Sudan’s relevant authorities released Al Arabiya and Al Hadath correspondent Saad el-Din Hassan after he was summoned for questioning following his reporting of the recent protests in the country.
After his release, Hassan informed his followers on via his Twitter micro blog that his personal phone his press license were confiscated. He added that security officials ordered him to come back the following morning to complete the investigation.
However there are the other reports about jailed reporters, who vanished after arrests for coverage of the protests.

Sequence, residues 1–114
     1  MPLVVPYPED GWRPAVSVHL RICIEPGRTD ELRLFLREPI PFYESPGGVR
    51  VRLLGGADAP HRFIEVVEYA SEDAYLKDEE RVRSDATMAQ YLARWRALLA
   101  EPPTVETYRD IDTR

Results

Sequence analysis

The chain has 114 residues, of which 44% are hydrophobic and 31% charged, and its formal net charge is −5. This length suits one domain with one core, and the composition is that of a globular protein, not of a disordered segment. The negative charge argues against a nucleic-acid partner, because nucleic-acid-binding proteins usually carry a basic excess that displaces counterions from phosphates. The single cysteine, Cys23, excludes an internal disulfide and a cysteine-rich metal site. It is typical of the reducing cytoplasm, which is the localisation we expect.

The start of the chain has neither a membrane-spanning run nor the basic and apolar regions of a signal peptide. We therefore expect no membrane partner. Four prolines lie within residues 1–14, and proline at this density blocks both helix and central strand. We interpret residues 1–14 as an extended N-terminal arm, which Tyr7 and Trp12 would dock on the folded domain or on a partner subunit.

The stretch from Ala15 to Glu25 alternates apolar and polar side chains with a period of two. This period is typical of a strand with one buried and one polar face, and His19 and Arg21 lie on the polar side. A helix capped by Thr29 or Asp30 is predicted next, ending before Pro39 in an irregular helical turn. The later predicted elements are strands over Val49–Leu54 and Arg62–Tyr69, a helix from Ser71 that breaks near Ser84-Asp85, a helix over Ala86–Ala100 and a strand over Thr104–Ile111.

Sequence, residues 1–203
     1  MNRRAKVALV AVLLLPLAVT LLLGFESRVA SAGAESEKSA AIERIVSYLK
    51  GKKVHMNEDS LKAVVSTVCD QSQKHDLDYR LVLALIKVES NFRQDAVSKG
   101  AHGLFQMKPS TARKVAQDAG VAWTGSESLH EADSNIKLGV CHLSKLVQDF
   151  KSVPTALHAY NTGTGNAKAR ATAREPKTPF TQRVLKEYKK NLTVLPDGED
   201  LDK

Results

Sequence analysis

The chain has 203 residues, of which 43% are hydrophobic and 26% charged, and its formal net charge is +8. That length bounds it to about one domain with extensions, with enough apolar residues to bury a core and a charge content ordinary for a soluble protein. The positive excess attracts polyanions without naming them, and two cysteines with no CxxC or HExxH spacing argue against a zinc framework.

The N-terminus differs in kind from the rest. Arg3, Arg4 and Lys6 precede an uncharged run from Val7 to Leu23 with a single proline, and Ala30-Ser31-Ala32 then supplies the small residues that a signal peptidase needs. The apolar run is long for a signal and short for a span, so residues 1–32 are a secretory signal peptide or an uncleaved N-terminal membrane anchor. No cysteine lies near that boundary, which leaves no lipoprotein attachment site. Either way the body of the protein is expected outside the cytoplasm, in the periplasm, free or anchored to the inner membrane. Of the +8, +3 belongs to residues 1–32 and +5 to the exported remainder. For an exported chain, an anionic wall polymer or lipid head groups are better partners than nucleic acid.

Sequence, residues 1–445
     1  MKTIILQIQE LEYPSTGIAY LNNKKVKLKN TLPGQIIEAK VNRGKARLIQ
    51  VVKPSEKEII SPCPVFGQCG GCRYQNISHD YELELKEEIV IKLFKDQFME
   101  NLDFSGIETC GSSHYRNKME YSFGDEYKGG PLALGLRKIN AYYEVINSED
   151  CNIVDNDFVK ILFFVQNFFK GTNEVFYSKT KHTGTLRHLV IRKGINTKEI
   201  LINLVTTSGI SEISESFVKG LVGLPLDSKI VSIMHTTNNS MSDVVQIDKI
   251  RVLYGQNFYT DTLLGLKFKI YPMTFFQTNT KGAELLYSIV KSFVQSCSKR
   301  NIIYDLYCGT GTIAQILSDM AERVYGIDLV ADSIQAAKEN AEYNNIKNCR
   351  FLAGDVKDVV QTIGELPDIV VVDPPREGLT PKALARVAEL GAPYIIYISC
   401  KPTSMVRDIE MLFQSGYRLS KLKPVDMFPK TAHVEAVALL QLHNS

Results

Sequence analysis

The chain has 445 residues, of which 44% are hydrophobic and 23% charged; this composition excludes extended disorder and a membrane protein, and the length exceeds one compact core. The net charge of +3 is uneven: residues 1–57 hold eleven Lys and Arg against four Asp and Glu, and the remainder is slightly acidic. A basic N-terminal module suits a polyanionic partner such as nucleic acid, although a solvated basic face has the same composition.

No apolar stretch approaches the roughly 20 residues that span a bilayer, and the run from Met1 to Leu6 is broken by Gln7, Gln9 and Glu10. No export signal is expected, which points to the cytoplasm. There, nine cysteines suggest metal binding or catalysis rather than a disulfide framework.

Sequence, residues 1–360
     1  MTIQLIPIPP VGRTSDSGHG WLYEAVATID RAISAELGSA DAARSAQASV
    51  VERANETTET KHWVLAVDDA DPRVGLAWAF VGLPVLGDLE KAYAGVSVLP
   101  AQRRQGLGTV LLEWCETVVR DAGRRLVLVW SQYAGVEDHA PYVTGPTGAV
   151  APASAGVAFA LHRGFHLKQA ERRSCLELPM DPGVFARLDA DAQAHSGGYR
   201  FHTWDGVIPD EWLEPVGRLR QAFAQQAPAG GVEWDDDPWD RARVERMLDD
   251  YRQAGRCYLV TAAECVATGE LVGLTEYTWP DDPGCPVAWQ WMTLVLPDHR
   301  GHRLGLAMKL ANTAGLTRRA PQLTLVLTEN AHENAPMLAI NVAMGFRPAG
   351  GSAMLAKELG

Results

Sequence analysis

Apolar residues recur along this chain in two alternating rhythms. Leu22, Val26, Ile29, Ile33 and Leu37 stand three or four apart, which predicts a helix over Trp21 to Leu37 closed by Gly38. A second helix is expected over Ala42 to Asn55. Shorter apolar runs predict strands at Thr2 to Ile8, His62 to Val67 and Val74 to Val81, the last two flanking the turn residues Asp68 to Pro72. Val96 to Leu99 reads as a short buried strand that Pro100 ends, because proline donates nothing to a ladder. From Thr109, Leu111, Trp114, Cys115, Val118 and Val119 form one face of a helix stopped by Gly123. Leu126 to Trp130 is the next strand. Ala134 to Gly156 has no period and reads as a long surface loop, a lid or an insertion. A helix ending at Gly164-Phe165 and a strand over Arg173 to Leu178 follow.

Africa came with a score that is slightly better than in 2017 but also contained a wide range of internal variation (see our regional analysis The dangers of reporting in Africa).
Frequent Internet cuts, especially in Cameroon (129th) and Democratic Republic of Congo (154th), combined with frequent attacks and arrests are the region’s latest forms of censorship. Mauritania (72nd) suffered the region’s biggest fall (17 places) after adopting a law under which blasphemy and apostasy are punishable by death even if the accused repents.
But a more promising era for journalists may result from the departure of three of Africa’s most predatory presidents, in Zimbabwe (up two as 126th), Angola (up four at 121st) and Gambia, whose 21-place jump to 122nd was Africa’s biggest.